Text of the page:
Apple Killing AR Glasses Report Points to Much Bigger Problem

(Image credit: idropnews/Martin Hajek)

Apple has reportedly killed its AR glasses due to alleged technical problems, but this is actually a sign of the product design troubles that have been brewing at Apple for a very long time.

The report came yesterday from Digitimes, which has a mixed track record through its sources in component and manufacturing companies. It contradicts Ming-Chi Kuo, an analyst who in March claimed that supply sources confirmed that Apple may start producing AR glasses as soon as the end of 2019.

But now Digitimes says otherwise also citing supply chain sources. The outlet claims that Apple has disbanded the AR team and has halted its fabled AR Glasses project for the time being. It seems that the technology is nowhere near ready yet to materialize this magical Next Big Thing that can change the world (and make Apple an innovation leader) once again. 

However, if true, this latest report highlights a much deeper problem. This is just the tip of the iceberg: Apple’s alleged lack of product focus that was recently brought into the spotlight by the Wall Street Journal, but that has been obvious for the last couple of years.

How the glasses came to be and (maybe) died

But before we get into that, let’s look at what has happened with the glasses from the beginning.

Everything started when the company led by Tim Cook — who claims to be a fan of AR — started to buy companies related to augmented reality. Quite a few of them, in fact. In 2015, Apple acquired Metaio, which provided the software code that formed the basis for Apple ARKit, the company’s augmented reality development kit for iOS. In 2017 alone, Apple bought InVisage Tecnologies (an American quantum dot-based image sensor manufacturer), Regain (a French computer vision company), Vrvana (a Canadian manufacturer of augmented reality head-mounted displays), and SensoMotoric Instruments (which makes eye tracking hardware and software). Most recently, Apple bought Akonia Holographics and its 200 AR patents.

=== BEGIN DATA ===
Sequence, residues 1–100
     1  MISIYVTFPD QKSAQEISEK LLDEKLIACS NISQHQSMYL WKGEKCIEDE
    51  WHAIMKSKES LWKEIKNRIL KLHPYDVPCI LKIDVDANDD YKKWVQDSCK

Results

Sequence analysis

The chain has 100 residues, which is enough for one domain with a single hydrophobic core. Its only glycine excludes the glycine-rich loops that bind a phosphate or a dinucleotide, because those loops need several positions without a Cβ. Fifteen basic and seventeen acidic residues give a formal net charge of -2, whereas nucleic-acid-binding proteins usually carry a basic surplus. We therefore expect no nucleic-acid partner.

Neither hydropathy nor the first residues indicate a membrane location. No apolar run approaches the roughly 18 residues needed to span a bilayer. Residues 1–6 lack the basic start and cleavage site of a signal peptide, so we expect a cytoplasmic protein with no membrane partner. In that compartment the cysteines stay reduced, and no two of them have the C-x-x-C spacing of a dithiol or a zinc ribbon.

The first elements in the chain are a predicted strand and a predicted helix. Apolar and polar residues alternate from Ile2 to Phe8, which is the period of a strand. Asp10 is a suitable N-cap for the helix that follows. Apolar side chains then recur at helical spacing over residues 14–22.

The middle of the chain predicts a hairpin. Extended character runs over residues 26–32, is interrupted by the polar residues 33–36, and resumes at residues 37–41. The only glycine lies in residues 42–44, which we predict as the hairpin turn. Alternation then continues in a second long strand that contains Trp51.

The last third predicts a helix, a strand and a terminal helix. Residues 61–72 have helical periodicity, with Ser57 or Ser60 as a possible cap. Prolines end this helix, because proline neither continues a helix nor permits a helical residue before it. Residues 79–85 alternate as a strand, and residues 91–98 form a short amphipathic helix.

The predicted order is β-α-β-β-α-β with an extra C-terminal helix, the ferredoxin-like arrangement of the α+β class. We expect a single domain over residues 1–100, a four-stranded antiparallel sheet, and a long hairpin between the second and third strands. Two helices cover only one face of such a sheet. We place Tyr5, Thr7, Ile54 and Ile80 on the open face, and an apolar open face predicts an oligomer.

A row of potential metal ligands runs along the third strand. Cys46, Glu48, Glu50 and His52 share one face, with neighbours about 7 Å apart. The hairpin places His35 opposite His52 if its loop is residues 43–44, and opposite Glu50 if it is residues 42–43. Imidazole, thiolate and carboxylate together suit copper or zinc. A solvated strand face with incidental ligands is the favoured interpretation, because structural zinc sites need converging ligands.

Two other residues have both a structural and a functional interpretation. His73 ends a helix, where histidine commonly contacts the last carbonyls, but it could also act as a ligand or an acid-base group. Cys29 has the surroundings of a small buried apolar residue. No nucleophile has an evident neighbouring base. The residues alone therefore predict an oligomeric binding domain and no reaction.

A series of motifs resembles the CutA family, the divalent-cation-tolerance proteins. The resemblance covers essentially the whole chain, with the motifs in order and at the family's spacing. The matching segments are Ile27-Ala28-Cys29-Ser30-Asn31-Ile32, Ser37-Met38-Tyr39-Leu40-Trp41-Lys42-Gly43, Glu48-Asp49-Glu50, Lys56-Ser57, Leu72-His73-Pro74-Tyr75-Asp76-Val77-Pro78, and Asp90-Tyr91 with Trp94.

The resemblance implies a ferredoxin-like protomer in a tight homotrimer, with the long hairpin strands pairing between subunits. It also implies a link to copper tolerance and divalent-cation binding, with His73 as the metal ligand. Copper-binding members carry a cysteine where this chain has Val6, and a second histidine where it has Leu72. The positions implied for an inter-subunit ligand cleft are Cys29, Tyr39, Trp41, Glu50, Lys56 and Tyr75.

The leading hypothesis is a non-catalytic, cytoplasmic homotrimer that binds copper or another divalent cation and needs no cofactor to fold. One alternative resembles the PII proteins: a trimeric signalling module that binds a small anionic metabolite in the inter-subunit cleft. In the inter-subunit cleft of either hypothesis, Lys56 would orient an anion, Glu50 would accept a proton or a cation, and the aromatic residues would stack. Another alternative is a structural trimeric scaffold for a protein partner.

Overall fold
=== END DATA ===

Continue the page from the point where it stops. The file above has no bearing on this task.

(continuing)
Now, the adventure may have been halted by physics. The Digitimes report claims that there are hardware limitations that make it impossible to create a consumer-oriented AR product with the features and price point that Apple wants. The computing power to make the experience as “magical” as Apple would like — even counting with the iPhone as a wireless video driver unit — is still not there. The optical design, the report says, is still not enough to provide with enough field of view to seamlessly integrate the AR images with your vision. And the heat dissipation, Digitimes says, is a problem too.

All these mounting problems and frustrations ended in the departure of Apple’s AR glassesteam lead Avi Bar-Zeev. He was one of the inventors of the Microsoft HoloLens augmented reality glasses. Bar-Zeev joined the company in 2016, around the time when Ive allegedly started to have troubles with Apple’s top brass.

The Apple product design crisis